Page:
Scanner "Photography": Use a Flatbed Scanner to Image Objects in High Resolution

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The images below were created using a 1998 Hewlett-Packard 5100cse flatbed scanner. This is an old, 24-bit scanner with a maximum resolution of 600dpi x 600dpi and a Gray Depth of 8-Bit (256 Gray Levels). It was a was a mid-range scanner in its day, costing around $300.00. Today, one can achieve better results using a $70.00 scanner.

Why scanner photography?

In certain cases, it is capable of dramatically higher resolution than most lens-based cameras.

What are the drawbacks?

  • One can only work with objects the size of the flatbed's platform dimensions.
  • The object (or the area one wishes to image) should not have too much depth -- the "deep" areas, which are farther away from the flatbed glass platform -- will image out of focus.

What are some practical or artistic uses of scanner photography or imaging?

  • For macro-photography of small objects.
  • For purely artistic reasons.
  • For cataloging or analysis of objects in high-resolution detail.
  • For Biometrics: fingerprints, palm-prints, even foot-prints.

Who is doing it?

  • Biometric scanners -- similar to consumer flatbed models, but capable of significantly higher performance -- are used by governments and law-enforcement agencies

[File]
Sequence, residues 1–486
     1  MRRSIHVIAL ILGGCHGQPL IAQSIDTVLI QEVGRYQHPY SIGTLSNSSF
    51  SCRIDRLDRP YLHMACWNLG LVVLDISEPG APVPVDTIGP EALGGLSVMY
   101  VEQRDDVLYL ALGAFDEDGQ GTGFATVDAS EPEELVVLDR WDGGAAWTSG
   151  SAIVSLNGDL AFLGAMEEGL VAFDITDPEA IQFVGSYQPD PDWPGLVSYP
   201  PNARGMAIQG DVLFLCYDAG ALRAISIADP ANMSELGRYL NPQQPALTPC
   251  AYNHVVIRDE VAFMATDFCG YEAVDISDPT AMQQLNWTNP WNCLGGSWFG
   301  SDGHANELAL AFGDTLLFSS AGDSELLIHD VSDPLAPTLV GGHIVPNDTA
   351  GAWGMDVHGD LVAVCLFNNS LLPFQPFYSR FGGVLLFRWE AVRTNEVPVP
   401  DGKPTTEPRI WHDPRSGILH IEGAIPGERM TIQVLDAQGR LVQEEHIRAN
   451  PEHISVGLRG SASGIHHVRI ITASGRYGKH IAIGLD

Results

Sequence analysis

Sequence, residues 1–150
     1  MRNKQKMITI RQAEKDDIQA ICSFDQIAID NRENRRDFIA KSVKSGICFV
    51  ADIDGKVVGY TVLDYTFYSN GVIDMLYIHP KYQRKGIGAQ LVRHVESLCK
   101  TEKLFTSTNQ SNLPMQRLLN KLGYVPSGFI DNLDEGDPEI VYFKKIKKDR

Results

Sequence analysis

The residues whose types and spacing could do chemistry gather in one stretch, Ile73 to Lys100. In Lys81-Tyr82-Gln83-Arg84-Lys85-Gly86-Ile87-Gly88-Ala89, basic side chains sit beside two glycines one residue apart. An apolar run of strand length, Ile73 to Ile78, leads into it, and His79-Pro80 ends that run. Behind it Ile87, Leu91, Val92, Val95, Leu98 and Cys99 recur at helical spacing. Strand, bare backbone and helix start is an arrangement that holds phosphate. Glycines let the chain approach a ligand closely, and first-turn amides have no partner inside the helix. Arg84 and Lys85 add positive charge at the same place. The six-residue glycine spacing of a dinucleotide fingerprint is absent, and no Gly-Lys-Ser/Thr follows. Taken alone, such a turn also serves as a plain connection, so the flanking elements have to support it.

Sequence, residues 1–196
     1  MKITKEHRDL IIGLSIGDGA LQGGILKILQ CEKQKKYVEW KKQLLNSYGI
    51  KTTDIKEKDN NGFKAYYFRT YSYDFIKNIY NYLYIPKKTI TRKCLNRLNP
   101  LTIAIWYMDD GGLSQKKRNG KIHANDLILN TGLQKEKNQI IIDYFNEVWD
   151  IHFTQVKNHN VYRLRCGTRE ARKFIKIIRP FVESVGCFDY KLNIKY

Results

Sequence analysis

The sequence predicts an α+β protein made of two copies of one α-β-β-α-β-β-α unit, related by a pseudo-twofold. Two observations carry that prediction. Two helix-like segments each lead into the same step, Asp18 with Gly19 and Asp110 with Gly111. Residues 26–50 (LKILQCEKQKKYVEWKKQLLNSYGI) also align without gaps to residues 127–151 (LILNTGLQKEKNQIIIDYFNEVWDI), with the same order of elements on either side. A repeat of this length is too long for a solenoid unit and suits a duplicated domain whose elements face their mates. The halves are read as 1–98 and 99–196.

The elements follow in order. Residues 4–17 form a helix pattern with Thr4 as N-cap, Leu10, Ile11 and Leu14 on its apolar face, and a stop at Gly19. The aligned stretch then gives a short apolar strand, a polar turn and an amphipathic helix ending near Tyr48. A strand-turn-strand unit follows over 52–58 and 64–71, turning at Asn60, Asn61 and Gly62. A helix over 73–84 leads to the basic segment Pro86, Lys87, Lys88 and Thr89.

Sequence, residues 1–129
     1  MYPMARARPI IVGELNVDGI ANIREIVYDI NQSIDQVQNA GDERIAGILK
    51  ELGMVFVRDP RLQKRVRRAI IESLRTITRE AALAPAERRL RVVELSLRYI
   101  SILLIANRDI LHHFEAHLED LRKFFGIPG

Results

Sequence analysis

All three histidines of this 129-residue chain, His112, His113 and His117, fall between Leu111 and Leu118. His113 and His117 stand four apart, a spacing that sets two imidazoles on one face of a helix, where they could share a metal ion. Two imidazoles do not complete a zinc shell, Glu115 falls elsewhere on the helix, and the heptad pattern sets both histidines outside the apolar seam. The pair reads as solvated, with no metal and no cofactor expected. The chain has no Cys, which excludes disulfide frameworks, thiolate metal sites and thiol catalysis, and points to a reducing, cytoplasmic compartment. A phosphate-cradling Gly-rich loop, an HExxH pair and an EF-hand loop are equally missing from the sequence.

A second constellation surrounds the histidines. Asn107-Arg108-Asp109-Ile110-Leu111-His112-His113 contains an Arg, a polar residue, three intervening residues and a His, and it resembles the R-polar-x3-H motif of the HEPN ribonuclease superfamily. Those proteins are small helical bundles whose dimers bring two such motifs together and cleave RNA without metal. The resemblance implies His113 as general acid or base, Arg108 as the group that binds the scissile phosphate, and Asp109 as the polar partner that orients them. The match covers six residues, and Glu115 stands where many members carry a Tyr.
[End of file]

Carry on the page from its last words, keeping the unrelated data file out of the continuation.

• One artist -- Katinka Matson -- has led and pioneered techniques in the area of artistic scanner-photography.

scanned seashells -- one to two inches long
above: Various seashells. These are the real small kind, often not much bigger than 1 - 2 inches, giving some idea of the type of resolution scanner imaging is capable of. Remember: this image is scaled down several orders of magnitude for Internet use. The actual image is huge.

small apple not more than 1.5 inches

above: An apple, this is one of the small varieties -- the type you get in a bag-o'-apples for $1.99. The image above covers an area no bigger than 1.5 inches. As with the seashells, the scanner resolution makes it look big. Our next scanner project: small animals (arachnids, insects and worms) and flowers.

Olympus OM-2N scan-imaged on Hewlett-Packard flatbed

above: A twist of ironies. A staple of manual film photography -- the Olympus OM-2N, imaged here w/o lens -- has met it's match when it comes to macro-photography. Actually, for images like this, 35mm film photography doesn't even come close. Click here for orig. size.

Home > Photography: Introduction | Mistakes and Corrections | Color Photography | Scanner Photography | Astronomy photos